Luxury brands are rethinking their ecommerce strategies in China. Companies selling high-end goods once shunned online sales channels there, concerned that their brands might be damaged by the heavy discounts routinely offered by retailers and the rampant availability of counterfeit items.
As a result, these brands’ retail strategies have relied heavily on the use of brick-and-mortar locations in the country, where pricing and high-end customer service can be carefully controlled.
But that sentiment is changing as luxury firms become increasingly set on tapping into China’s massive—and growing—ecommerce sector. eMarketer forecasts expect China’s retail ecommerce sales to total $1.13 trillion this year, and climb to $2.66 trillion by 2021, when they will account for an impressive 40.8% of all retail sales in the country.
China will be responsible for generating an increasing share of worldwide spending in the sector over the coming years, with consultancy McKinsey & Company estimating it will jump from 32% in 2016, to 44% by 2025. By then, the company estimates luxury goods spending in China will total RMB2.7 trillion ($406.4 billion).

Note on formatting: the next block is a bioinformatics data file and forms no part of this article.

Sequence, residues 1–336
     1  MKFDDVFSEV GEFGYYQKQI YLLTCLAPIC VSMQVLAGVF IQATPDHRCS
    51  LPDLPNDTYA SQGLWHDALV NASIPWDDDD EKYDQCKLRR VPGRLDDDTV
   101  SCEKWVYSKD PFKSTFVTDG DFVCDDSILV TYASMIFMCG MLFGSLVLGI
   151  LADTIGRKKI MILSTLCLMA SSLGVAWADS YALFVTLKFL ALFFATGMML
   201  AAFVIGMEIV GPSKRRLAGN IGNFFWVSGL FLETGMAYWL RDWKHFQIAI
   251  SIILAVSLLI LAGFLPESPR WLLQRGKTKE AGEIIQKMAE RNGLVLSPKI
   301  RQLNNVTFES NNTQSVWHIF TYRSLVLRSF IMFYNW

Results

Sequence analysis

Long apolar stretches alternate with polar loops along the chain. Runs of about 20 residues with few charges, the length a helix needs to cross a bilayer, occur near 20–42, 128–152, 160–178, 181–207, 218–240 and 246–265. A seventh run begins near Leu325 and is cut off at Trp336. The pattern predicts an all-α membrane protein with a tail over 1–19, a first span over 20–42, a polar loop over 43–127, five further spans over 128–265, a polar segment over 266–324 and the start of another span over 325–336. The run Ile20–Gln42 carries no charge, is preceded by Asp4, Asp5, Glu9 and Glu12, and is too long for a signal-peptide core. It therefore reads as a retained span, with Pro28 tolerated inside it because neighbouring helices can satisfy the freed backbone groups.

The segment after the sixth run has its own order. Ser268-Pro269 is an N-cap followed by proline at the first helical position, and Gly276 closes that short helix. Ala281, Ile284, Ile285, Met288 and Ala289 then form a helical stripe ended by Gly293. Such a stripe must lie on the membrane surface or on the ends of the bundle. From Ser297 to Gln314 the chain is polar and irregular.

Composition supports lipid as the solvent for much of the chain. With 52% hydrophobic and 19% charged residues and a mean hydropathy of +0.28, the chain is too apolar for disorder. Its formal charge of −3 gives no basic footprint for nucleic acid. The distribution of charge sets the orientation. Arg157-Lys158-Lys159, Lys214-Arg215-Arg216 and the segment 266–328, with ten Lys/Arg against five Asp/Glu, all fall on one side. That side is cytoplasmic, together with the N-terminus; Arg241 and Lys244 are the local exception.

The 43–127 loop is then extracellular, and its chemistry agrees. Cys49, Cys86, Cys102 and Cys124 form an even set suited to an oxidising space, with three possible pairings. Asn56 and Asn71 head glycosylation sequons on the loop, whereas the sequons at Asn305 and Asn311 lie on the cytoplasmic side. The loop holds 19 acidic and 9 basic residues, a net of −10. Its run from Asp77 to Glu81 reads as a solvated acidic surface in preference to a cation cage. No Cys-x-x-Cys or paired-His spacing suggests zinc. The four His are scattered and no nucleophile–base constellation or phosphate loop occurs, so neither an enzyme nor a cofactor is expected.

China has become even more important to luxury brands because worldwide demand for luxury items has been lackluster in recent years. In a recent report on Chinese luxury goods, McKinsey noted that global consumption of luxury goods hit a low in 2016 not seen since 2009.
Perhaps in response, these companies have been ramping up ad spending in China. Data from Zenith shows that ad spending focused on the category will total $2.04 billion this year. More money is projected to be spent on out-of-home ads than any other format this year, but Deloitte projects that digital media ads will draw more spending than any other type of media in 2018.
Luxury brands are now making some serious online inroads in the Middle Kingdom. In July, Louis Vuitton launched an official online store in China to sell its line of high-end handbags, shoes and other products. Consumers are able to complete transactions using popular payment methods local to the country, such as Alipay and WeChat Pay.
The same month, luxury goods purveyor Gucci also launched its own direct-to-consumer online store dedicated serving customers in China.